Too bad I don’t have a cell phone. 🙂

  4. Tony

    Dean,
    I also despise people who talk, uninvited, in my presence. It is, you see, all about me, and my needs.

    Diane, you’ll be glad to know that next week I will begin carrying my portable CD player and earphones.

  5. Brian Jones

    Good googly moogly, Dean & I are the same person! No wonder I’ve been drawn into his comments section!

    Why, in the name of all that is holy, should I care even a little bit whether someone else is using a cell phone in my presence? Why should they care if the tables are turned?

    Next you’ll be complaining about children in restaurants. No, wait, you have kids, so that’s ok! 😉

    Brian, who will have a weekend away from the kids starting tonight, for the first time in about 9 years.

  6. Deoxy

    The only thing that really bugs me about cell phones in public are the ones where, to be heard, the user must speak VERY LOUDLY.

    Then, they are essentially apprpriating the public space as their own private space to do with as they please. Certainly, no one else can do much (especially when the cell phone user yells at everbody to be quiet so he can hear!).

    But for those who talk normally with them (and aren’t a menace by walking/driving while talking – yes, some people can do it, but SOME CAN’T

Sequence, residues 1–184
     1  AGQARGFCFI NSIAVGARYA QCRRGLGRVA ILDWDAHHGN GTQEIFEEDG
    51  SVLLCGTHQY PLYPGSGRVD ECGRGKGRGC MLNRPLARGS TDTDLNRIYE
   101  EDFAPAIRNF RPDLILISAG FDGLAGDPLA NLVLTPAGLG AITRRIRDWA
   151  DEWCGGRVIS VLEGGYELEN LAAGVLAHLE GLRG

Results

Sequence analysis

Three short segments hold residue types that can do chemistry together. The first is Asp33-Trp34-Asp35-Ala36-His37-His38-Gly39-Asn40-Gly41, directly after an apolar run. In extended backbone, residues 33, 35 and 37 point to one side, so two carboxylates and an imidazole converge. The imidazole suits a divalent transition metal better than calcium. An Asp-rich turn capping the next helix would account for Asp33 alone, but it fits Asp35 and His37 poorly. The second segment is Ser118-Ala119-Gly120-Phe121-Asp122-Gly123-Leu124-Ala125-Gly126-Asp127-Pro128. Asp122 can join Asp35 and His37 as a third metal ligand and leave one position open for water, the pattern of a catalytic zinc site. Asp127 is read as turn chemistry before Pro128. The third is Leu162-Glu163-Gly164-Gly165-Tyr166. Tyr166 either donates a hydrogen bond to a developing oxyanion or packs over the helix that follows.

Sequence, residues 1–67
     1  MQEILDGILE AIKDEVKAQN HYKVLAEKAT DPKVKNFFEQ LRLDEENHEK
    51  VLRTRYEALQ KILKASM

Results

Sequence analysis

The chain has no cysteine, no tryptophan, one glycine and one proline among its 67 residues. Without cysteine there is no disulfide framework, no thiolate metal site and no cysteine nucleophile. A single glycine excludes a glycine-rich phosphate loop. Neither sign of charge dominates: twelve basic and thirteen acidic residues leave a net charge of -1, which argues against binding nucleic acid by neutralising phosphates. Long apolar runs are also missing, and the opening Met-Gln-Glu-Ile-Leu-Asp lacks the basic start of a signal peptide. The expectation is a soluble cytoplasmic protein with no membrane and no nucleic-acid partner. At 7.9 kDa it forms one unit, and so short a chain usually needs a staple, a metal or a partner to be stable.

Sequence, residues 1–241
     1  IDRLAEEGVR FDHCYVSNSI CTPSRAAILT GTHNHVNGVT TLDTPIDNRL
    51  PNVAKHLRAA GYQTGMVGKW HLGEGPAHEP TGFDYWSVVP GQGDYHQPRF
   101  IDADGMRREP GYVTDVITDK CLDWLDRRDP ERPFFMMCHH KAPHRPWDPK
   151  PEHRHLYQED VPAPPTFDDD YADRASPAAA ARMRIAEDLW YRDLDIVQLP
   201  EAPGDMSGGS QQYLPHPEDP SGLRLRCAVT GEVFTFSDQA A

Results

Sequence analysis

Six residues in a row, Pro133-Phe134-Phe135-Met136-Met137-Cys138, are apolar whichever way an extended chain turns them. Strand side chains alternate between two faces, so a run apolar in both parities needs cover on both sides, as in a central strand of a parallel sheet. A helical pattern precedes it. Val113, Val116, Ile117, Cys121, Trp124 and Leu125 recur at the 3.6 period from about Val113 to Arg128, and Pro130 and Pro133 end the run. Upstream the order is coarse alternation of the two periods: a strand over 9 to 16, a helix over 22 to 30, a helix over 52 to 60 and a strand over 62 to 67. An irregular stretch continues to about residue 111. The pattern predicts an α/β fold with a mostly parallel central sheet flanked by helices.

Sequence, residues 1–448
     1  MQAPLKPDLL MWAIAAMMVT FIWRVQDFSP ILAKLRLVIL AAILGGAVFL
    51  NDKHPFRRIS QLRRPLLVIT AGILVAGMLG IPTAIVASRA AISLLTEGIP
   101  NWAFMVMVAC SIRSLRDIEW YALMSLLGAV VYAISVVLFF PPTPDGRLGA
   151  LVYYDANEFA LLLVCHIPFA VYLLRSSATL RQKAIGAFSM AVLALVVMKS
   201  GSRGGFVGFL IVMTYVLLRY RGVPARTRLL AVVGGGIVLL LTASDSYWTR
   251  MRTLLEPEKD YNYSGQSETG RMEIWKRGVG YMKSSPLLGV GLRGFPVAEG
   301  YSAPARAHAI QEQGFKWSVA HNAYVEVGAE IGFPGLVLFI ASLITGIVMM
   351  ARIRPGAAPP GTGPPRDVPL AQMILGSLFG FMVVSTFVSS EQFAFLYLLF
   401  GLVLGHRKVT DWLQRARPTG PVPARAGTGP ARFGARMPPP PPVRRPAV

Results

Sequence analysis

and therefore shouldn’t), cell phones are great.

    Though admittedly, the guy with the “hands free” that you can’t see DOES look like he’s talking to himself…

  7. Tony

    I haven’t done a very good job of describing the culture on the train. Most people, if they talk, do so quietly (though if enough clusters in a car exist, the volume soon escalates to restaurant level). Others sleep, some read or write, some work on laptops, some listen to music. In that environment, the yapping on a cell phone is grating, in part because it tends to be louder than a conversation, and also because it has no cadence that one can adapt to and hence drown out — just random bursts of exclamation.

  8. Jessica

    I can understand the annoyance with the bursts of exclamation, and those who speak loudly on cell phones. I am annoyed with this myself, but it’s something I can live with without losing my temper.

    What gets me is CURSING in such a public area. Those who figure either that no one can hear them, that nobody cares, or they just decide that they don’t mind if they’re acting offensively constantly grate my nerves, and I can rarely maintain a pacifistic nature when someone next to me is talking about ‘washing his $%#&ing clothes’ or something similar that doesn’t require profanity. These people are horribly rude, in my opinion, and although women offering bandages and talking about tea may be annoying to some, there are worse things.

  9. fillyjonk

    I’m with Jessica. I’d much rather hear a discussion of tea preferences, or what people carry in their big honkin’ bags, or novels, or WHATEVER than having to deal with someone trying for the Cuss Trifecta of using the f-word for as many parts of speech as possible. Ick.